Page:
David is excited about the opportunity to showcase his skills during the interviewing process, which is why he wholeheartedly agrees to performing a test exercise project. He turns it in, only to be asked to make multiple revisions and additions to what was supposed to be a broad example of his skill set. As it drags on, David realizes he’s invested many hours into the unpaid project. 

Result: David feels like he’s being taken advantage of and gets the feeling the company is looking for free work, not to fill the advertised position. He looks elsewhere for his next career move. 

Where they went wrong: Yes, requesting top candidates perform a test exercise is acceptable. However, this request should only go to the top 2-3 candidates late in the process, not take up too much time, and the employer should consider compensating the candidate if the company uses the work. After all, nobody wants to work for free. 

The “Ghosting” Curveball

Rating: 5 🤬🤬🤬🤬🤬

Allison went through 3 interviews and felt good about an interesting opportunity with a company she respected. And. Then. Nothing. She waited for news about an offer and nobody ever called or emailed her. She reached out to her contact a couple of times, but never got a response.

Result: Allison was irritated and angry. She shared her displeasure on her social media channels and wrote negative reviews of the company on job boards. 

Where they went wrong: Say it with us. NO. See,it’s not difficult. Companies must realize that leaving unchosen candidates hanging has the potential to damage their employer brand. Plus, it’s just a crappy thing to do.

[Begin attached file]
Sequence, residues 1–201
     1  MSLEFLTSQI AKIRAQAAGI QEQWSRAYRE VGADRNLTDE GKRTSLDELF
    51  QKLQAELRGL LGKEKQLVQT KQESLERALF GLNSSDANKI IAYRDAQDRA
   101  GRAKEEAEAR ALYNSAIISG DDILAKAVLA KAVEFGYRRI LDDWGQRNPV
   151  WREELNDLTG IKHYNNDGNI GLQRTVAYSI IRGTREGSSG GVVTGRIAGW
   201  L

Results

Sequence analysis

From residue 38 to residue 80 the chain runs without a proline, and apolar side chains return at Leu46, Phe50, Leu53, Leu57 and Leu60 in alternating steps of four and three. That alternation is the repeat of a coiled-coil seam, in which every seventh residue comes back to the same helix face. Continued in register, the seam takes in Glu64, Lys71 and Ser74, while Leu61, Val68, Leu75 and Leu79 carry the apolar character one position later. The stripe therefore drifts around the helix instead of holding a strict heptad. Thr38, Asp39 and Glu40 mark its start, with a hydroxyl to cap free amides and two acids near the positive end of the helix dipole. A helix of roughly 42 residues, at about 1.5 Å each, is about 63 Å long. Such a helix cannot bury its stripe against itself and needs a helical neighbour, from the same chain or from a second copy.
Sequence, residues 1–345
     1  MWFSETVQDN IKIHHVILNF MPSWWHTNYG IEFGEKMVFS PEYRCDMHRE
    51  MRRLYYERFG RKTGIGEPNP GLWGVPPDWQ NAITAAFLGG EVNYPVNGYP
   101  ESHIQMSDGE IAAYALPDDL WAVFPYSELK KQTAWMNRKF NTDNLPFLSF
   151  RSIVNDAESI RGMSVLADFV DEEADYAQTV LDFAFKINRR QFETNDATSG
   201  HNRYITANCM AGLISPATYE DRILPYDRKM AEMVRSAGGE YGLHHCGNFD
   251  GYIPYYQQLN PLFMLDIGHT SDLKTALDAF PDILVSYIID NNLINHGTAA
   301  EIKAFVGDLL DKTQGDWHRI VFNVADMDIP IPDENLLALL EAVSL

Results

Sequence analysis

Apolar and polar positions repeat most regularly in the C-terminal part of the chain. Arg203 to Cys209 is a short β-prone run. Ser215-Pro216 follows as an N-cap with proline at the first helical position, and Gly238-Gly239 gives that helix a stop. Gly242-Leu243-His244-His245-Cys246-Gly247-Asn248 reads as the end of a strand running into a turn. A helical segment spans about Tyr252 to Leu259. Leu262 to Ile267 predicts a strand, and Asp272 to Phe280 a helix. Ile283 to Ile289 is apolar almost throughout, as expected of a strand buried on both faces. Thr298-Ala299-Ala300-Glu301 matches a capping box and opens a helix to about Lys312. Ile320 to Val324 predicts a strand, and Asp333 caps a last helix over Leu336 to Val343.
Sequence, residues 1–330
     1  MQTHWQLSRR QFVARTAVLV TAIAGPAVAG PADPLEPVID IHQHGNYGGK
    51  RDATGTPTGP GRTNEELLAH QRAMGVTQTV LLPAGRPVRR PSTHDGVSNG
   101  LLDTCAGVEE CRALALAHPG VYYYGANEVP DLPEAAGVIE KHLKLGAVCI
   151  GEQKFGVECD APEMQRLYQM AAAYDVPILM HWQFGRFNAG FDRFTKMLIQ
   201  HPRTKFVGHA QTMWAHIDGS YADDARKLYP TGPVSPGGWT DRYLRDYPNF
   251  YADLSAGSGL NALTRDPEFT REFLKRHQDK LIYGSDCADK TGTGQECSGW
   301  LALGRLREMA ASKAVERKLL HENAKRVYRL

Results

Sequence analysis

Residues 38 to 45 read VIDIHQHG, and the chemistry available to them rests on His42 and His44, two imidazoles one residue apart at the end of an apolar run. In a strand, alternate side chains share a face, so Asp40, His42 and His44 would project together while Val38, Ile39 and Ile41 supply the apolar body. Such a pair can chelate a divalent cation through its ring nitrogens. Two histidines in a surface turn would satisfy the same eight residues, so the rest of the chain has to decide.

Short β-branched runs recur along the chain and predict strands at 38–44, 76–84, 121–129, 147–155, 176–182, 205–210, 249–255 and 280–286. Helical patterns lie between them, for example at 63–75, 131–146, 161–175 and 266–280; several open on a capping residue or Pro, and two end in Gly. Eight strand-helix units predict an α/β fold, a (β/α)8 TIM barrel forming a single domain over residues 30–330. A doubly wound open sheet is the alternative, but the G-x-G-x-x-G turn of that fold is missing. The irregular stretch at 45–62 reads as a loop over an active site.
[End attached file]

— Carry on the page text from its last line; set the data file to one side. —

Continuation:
The “Lowball During Negotiations” Situation

Rating: 4 🤬🤬🤬🤬

Caleb was excited about the mid-level career move he had been trying to land. He made it through and got the call he was the one they wanted to hire!

Then it went to hell. 

The offer was 5 digits lower than the average pay for the position. They said he would be able to qualify for a raise “down the road” which was a different story than Caleb had received during his interviewing process. 

Result: Caleb took the job, got another year of experience under his belt, then left to work for a company that paid their employees what they were worth. 

Where they went wrong: Companies need to research job roles and line their compensation up with industry standards. It’s also smart to talk about salary ranges early in the interviewing process (or post it in the job description) to save everyone involved from wasting their time. Lowballing candidates leaves a bad taste in the short-term and increases turnover in the long-term. 

Treating candidates respectfully and responsibly throughout the hiring process is just good business. The attitude that the employer holds all the cards and can act any way they want is an outdated and offensive approach.

 Employers should pinpoint the type of candidate needed, create a seamless interviewing process, avoid wasting anyone’s time, and commit to honest but courteous communication. These actions help organizations build a positive employer brand and hire candidates who are appreciative and loyal . Plus, they can avoid pissing off their applicants, who then share their negative experience all over social media and online job review boards.